Category Archives: Hand Tools

War Finish Socket Head

The blog has covered a number of hand tools over the years, but these have always been military marked and for army or air force service. Tonight we have another tool to look at that is a little different in that it is a tool produced during wartime, that was most likely for civilian use. This socket attachment is undated, but stamped ‘War Finish’:imageThis is an extension bar for a hex-drive socket set as it has a large head to go over a nut:imageThe head also has a hole cross bored through it to allow a metal pry bar to be fitted here to increase the torque when tightening or loosening a stubborn nut. The opposite end of the tool has a hexagonal fitting to allow it to be fitted into the socket wrench:imageStamped on the body is a number ‘2097’:imageAnd most importantly for us the term ‘War Finish’:imageWar Finish was never an officially government sanction economy procedure, but most tool manufacturers could not get hold of their usual high quality raw materials to coat tools in either paint or chrome to stop them rusting. Other changes made might include not cleaning up castings as well as pre-war standards or reducing the number of processes needed to finish the tool so it could be made quicker at the expense of looking more crude. The term ‘War Finish’ was applied to indicate to customers that this tool was not to the grade one might expect pre-war, but the company was working under wartime conditions and trying to save labour and materials in its manufacture. It must be said that there was never anything wrong with these tools in how they functioned, but rather in how they were finished.

This particular tool has the trade mark ‘Britool’ which indicates it was made by the British Tool and Engineering Company, who had copy-writed that term back in 1920. This Wolverhampton company has a following amongst collectors of old tools, and this thread might be of interest if you wish to look into its history in more detail and see some of the range of products the company manufactured.

6″ Side Cutting Pliers

It is always nice to find a piece of militaria you have been trying to find for a long time, even more so when it is extremely cheap! Long term readers will know I have a Vickers Machine Gun spare parts case and I have slowly been building up the contents inside, one item of the spares case is an innocuous pair of 6” side cutting pliers. Last year I bought a pair of marked pliers over the internet and unfortunately when they arrived they turned out to be too large, therefore I was very pleased to find a marked 6” pair for £1 this week:imageIn form they are nearly identical to the pair we looked at here, just smaller. They are dated 1943 and stamped with the /|\ acceptance mark:imageAlthough it is faint, a manufacturer’s stamp can also be seen, unfortunately I can only make out the –“& Sons” part of the name:imageI am sure these pliers were a general purpose tool, rather than being specifically manufactured with the Vickers gun in mind. Having said that they are certainly part of the spares kit, as can be seen on the excellent ‘Vickers Machine Gun Collection and Research Association’ website here. The pliers were carried in the spare parts wallet which in turn was carried inside the Spare Parts Case. I imagine these tools actually survive in quite large numbers- after all they are still an effective pair of pliers for use outside the military. Unfortunately as can be seen from this pair, the markings are quite small and it is often the case that you will need to check many dozens of pairs of pliers to finally find a military marked one- but that’s the fun of collecting!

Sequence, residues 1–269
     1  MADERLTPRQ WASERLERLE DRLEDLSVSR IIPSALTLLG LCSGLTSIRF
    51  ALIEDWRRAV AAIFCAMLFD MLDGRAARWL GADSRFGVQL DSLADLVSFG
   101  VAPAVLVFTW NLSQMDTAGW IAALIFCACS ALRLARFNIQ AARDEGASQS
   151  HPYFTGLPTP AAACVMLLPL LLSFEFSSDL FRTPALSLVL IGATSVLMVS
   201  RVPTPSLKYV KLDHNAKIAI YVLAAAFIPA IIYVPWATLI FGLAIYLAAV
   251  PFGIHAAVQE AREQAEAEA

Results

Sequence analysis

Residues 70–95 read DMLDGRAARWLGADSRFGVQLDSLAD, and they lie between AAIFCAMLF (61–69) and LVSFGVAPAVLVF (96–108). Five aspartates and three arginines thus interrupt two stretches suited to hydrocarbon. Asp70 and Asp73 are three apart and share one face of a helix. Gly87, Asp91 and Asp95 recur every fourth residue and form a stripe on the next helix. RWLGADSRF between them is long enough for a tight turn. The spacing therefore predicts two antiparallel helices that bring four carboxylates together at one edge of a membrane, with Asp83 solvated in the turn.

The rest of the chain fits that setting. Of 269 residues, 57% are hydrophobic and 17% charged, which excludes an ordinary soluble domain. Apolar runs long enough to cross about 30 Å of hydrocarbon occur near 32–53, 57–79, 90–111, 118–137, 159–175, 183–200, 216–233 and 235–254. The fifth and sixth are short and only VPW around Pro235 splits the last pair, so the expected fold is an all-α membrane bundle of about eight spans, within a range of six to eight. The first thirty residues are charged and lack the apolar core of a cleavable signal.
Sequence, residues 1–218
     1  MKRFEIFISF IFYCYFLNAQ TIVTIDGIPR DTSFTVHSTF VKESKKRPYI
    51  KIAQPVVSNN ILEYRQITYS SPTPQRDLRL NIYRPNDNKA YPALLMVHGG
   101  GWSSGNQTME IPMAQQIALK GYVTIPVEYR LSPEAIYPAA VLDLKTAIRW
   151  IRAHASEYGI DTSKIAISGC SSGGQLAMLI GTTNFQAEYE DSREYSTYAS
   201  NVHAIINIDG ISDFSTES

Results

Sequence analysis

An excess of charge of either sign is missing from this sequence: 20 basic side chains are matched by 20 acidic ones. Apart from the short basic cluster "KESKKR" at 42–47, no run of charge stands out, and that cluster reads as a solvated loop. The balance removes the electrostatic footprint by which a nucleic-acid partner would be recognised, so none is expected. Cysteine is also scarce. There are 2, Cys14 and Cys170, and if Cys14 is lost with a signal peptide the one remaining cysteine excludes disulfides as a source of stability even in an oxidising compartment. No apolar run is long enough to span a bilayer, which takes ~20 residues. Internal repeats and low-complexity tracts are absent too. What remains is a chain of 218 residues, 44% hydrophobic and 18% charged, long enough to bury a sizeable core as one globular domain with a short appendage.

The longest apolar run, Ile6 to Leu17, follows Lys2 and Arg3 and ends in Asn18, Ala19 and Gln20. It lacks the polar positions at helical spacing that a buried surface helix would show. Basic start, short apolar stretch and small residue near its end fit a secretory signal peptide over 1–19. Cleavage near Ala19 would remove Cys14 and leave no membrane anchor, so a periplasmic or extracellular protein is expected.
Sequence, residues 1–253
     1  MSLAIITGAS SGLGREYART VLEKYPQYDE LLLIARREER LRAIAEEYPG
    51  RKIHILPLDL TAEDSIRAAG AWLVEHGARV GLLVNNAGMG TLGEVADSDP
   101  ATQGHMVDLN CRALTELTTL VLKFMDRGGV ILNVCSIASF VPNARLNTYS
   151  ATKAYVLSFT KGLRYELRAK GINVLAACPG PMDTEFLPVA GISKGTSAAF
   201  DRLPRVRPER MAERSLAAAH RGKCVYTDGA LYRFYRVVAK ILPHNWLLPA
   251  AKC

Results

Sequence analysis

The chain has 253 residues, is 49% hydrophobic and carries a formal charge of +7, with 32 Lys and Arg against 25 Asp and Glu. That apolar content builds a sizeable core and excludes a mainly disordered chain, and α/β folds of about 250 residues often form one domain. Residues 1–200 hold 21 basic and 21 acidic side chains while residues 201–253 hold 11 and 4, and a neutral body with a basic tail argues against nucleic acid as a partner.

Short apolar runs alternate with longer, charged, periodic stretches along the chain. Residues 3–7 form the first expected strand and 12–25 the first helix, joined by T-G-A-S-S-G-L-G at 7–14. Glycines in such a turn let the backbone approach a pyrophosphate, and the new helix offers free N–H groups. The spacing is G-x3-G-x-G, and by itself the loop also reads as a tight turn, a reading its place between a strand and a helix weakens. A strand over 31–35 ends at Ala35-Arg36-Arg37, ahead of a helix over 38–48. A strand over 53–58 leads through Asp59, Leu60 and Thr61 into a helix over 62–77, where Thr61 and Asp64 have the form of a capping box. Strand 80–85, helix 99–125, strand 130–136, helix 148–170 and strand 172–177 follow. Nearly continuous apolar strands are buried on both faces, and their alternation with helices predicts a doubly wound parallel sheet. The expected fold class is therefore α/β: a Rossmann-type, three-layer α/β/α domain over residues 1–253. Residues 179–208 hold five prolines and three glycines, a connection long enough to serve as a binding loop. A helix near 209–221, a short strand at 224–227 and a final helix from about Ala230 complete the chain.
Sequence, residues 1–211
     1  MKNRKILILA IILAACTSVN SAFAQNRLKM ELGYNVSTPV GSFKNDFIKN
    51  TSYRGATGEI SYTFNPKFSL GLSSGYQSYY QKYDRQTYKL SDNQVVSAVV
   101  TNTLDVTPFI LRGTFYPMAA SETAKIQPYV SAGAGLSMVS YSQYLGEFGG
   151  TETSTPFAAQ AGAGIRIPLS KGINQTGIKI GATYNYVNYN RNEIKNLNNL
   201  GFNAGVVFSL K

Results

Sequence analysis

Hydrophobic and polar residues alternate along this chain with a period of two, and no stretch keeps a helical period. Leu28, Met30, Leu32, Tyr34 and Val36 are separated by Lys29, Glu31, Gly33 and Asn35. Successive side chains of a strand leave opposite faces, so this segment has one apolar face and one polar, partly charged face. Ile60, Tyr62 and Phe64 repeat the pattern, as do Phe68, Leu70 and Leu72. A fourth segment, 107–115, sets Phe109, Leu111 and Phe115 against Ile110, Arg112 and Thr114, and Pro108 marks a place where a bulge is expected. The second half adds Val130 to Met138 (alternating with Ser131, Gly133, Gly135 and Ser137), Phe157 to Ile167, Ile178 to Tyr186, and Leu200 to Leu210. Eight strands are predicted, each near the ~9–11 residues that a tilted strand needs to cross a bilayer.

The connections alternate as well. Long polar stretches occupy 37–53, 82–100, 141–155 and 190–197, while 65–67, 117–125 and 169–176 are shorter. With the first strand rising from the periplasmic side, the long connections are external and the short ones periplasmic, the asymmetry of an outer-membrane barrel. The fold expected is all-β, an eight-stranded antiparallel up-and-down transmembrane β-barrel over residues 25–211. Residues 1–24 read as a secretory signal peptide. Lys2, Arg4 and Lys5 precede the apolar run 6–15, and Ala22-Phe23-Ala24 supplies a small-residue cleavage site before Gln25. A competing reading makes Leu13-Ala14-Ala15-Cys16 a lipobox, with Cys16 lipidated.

British Army Side Cutting Pliers

Pliers have been in use since at least the Roman era, with the basic design changing very little in that period. As might be expected the British Army bough large quantities of pliers to be used to help maintain its vehicles, these were normally of very good quality, as in the case of this pair of side cutting pliers:imageThese date from 1954 and have both the date and a /|\ mark stamped into the metal work:imageThe pliers are called side cutting pliers because a small wire cutter is incorporated into the jaws of the tool:imageA second pair of shears is fitted to one side of the pliers to allow thicker pieces of wire to be cut:imageThe 1953 army manual ‘Mechanical Vehicle Training Volume II, General Mechanical Principles of Tracked and Wheeled Vehicles’ explains about the use of side cutting pliers:

Pliers (side cutting)

Pliers are intended for straightening, bending, twisting or cutting soft wire or very thin rods, also for grasping and turning or pulling small components which are not likely to suffer from teeth marks made by the jaws. They must not be used for the purposes of tightening small nuts or screws, or for cutting hard steel wire.

The commonest use of the pliers on a motor vehicle is the removal and replacement of split pins and locking wire.

When cutting thick wire or split pins, use the shears on the back or front of the pliers, use the side cutters for soft thin wire: imageDo not attempt to cut thick wire with the side cutters by driving the cutters through the metal with a hammer. Reason: Use of excessive force causes damage to the cutters and distorts the jaws of the pliers.